By Kelsey French
JEM 414 Fall 2018
Kendall Downing has worked in various markets: WYMD-TV in Hazard, Kentucky, WPSD-TV in Paducah, Kentucky, WXIN-TV in Indianapolis, and back to his hometown of Memphis, Tennessee at WMC Action News 5.
For Downing, it was always a childhood dream to work in news. It’s no wonder he started setting himself apart from his peers as soon as he started college.
“The first thing I did was try to get myself in front of people that would get me as much experience as possible” Downing said.
Downing became heavily involved on campus, both in student media like The Volunteer Channel, and also outside of his major.
“I knew people from a variety of different walks of life on campus,” Downing said,” which I think helped me to be more plugged into my major and what I did.”
One piece of advice Downing believes helpful to journalism students is developing secondary skill sets to complement a journalism degree.
“Looking at the job market, it’s about flexibility and how can you market yourself,” Downing said.
Minoring in Spanish, Downing says that “you can never have too many skills.” He believes that having a diverse set of skills can give journalists diverse perspectives, an advantage when it comes to reporting the wide range of topics journalists face day to day.
“I don’t think anyone has ever been told that they know how to do too much.”
Knowing how to do too much is never the reality of a journalist. In fact for Downing, not knowing is usually a perk of the job.
“The thing that I like most about my job is probably the thing that gets on my nerves the most about my job on some days, which is the fact that it is very unpredictable.”
Some days are tougher than expected, go differently than planned, but he “never gets bored.”
Adversity is something Downing is familiar with, especially when he first graduated from UT in 2010 and started working in Kentucky in a very small, rural market.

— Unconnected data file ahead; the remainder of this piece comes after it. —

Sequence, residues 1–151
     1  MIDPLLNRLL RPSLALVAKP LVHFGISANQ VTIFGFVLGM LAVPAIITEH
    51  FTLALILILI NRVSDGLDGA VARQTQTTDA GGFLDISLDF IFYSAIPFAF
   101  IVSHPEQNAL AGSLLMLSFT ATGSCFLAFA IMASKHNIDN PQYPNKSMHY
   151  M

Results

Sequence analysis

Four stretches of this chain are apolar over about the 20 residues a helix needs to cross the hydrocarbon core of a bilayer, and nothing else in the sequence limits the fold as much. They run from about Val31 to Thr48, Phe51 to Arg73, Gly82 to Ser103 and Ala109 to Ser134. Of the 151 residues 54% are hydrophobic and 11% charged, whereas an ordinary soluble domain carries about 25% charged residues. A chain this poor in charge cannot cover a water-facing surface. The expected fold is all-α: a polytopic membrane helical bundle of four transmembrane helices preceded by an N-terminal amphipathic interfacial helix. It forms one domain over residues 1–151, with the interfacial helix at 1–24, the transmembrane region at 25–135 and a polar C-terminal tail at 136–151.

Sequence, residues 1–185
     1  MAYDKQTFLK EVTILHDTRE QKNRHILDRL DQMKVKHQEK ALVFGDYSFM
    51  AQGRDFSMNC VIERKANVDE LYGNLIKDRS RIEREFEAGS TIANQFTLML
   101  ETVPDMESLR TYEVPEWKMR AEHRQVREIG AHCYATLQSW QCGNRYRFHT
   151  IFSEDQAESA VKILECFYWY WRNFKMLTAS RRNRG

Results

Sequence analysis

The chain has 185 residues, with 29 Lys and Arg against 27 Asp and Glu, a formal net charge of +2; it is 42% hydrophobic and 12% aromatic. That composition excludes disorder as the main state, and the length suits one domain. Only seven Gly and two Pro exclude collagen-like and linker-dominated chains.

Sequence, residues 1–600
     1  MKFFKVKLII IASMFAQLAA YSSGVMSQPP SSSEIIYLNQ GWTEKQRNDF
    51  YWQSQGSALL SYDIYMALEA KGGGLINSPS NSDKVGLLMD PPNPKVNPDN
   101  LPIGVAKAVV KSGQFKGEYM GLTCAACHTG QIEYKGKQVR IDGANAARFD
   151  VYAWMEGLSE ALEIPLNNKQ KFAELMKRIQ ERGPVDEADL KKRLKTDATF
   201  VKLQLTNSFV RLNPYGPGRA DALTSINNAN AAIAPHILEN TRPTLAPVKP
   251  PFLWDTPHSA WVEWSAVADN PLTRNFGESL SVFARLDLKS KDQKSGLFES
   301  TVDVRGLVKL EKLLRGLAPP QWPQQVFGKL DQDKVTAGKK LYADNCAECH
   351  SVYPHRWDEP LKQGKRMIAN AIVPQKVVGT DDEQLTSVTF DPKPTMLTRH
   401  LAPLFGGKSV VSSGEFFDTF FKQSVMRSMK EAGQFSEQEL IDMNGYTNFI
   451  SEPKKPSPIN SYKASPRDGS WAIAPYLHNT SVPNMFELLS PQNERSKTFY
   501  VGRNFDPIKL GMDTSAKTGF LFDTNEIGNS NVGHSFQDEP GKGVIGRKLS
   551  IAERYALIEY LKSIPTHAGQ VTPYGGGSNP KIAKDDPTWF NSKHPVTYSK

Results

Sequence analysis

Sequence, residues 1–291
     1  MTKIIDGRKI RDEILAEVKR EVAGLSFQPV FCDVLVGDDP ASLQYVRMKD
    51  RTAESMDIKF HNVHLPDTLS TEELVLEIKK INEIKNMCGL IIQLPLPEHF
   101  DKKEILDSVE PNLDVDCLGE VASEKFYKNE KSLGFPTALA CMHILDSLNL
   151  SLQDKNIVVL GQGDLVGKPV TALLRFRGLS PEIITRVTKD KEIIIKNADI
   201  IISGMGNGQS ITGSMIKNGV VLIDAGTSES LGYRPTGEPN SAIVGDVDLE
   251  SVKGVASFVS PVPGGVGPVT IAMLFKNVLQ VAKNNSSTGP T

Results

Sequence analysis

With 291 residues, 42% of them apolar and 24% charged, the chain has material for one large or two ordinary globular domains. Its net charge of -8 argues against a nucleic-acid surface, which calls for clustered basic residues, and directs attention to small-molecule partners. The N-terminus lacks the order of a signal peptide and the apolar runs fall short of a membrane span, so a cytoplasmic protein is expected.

“It’s hard to be a kid out of college and you’re in a community being a working journalist doing these stories about tough topics- Murder, crime, violence. Not to mention, when you’re working in a small market you’re doing it all.”
Besides dealing with difficult topics on the job, Downing also stressed that students who want to be journalists need to be aware of just how poor the pay and hours are for those entry-level positions.
“The pay is really bad. I cannot say that enough,” Downing said. “You are going to work a lot. You’re typically going to be away from your family. You’re going to have to work holidays.”
Downing is quick to add that there is light at the end of the tunnel:
“Those things eventually get better. You have to stick it out throughout some of the first years which can be really, really tough. You have to grin and bear it and just keep working until you get to a better point. Just know that it comes, it just takes time.”
Grit is another quality Downing believes aspiring journalists must have to be successful in their careers.
“Somebody along the way will tell you no. You will hear a lot of ‘no’s’,” he said. “You will have to know that at some point there will come a yes. If you do not have confidence in yourself, you will have to find it somewhere along the way to be a journalist.”
Tough assignments, long hours, and low pay- just a few of the negatives journalists experience in their careers. However, any career comes with negatives, and Downing highlights the many positive aspects that come with being a journalist as well. He enjoys the humanitarian aspect of the job and being able to make a difference in peoples’ lives, like the time his story was able to help a man get his car back after it was stolen from him.
Downing has some advice for those students who are willing to face the ups, downs, and uncertainties of working as a journalist.
For one, Downing advises that students be curious and “voracious readers” of news. If news doesn’t interest you, then “you probably shouldn’t do this career path” he said.
“The job is not easy, but you have to understand it takes someone who has skill and talent to be able to come in and be curious and empathetic toward people who have dealt with horrific things,” he said. “It really takes a person with a genuine interest in people to do this job and do it well.”
Downing has come a long way since graduating and is still pushing himself to do more. He is currently enrolled in the MBA program at the University of Memphis and working full time.
While working through the challenge of finding a balance between school and work, Downing is leaving the next chapter of his life wide open:
“As for what’s to come, I don’t know,” he said. ”I’m just here for the ride, one story at a time.”